Carrying the Peoples Election Victories Forward

November 22, 2006

Report by Joelle Fishman, Chair CPUSA Political Action Commission, to the Nov 18, 2006 meeting of the CPUSA National Committee

Download a PDF version of this report.

Play the MP3 audio

Or, download the MP3 audio


Congratulations on an extraordinary year of labor-led all peoples front organizing and fight back.  The right-wing stranglehold on Congress has been broken! 
The elections are a stunning people’s victory – part of a hard fought quarter century battle to defend democracy. It is a victory being celebrated around the world.

After all the assaults on workers’ rights, all the efforts to dismantle the gains won for African American and Latino equality and women’s rights, all the efforts to dismantle the gains of the new deal benefitting seniors and youth, all the post 9/11 fear tactics and war profiteering, the voters said “enough is enough.”  They chose hope over fear.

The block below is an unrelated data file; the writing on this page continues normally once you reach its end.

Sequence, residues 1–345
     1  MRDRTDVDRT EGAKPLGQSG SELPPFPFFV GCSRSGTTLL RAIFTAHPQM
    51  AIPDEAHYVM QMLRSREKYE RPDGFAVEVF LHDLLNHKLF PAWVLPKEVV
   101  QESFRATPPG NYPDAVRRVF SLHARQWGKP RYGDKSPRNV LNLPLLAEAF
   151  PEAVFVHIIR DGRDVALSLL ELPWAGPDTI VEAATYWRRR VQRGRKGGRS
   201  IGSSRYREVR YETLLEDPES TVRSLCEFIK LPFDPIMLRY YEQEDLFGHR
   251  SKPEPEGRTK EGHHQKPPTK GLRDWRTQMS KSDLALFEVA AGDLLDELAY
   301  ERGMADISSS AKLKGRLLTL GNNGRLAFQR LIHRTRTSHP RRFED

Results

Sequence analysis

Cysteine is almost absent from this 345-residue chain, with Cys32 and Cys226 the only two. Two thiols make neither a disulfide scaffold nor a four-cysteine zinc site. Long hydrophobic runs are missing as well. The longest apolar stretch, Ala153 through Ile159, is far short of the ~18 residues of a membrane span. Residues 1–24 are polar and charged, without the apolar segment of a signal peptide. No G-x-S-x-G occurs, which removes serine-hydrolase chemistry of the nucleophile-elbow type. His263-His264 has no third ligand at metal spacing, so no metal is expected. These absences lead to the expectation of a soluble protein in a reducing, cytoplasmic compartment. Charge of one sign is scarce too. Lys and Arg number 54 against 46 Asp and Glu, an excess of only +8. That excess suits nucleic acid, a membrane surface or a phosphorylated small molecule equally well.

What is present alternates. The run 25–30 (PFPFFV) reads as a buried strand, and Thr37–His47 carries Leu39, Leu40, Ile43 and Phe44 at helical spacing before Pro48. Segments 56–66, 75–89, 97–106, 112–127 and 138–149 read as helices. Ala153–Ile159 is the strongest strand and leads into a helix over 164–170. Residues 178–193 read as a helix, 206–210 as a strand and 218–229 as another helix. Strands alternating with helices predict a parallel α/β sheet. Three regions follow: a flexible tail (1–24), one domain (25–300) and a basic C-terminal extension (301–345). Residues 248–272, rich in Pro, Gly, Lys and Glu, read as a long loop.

The results of this election mark the beginning of a shift away from right wing ideology.

The voters gave a mandate in this election to change the direction of the country.  A mandate to withdraw from Iraq.  A mandate for livable wages and good jobs with health care.  A mandate against corruption and the influence of corporate greed.

Union activists and their community allies, having delivered this spectacular election victory, are now preparing for the legislative battles which promise to be fierce. 

Those battles will be fought on a new terrain of struggle, more favorable to labor and people’s forces.  The tyrannical, arrogant and inhumane Bush administration has been weakened.

Our analysis of this election will help develop the tactics that can further broaden and deepen the all peoples front.  What is accomplished now will help determine the ability to change the White House and defeat the ultra-right in 2008.

We have been deeply involved.  Our relationship with the working class and people’s movements have been deepened in many election districts.  Examination of these lessons will enable us to develop conclusions and project tactics going forward.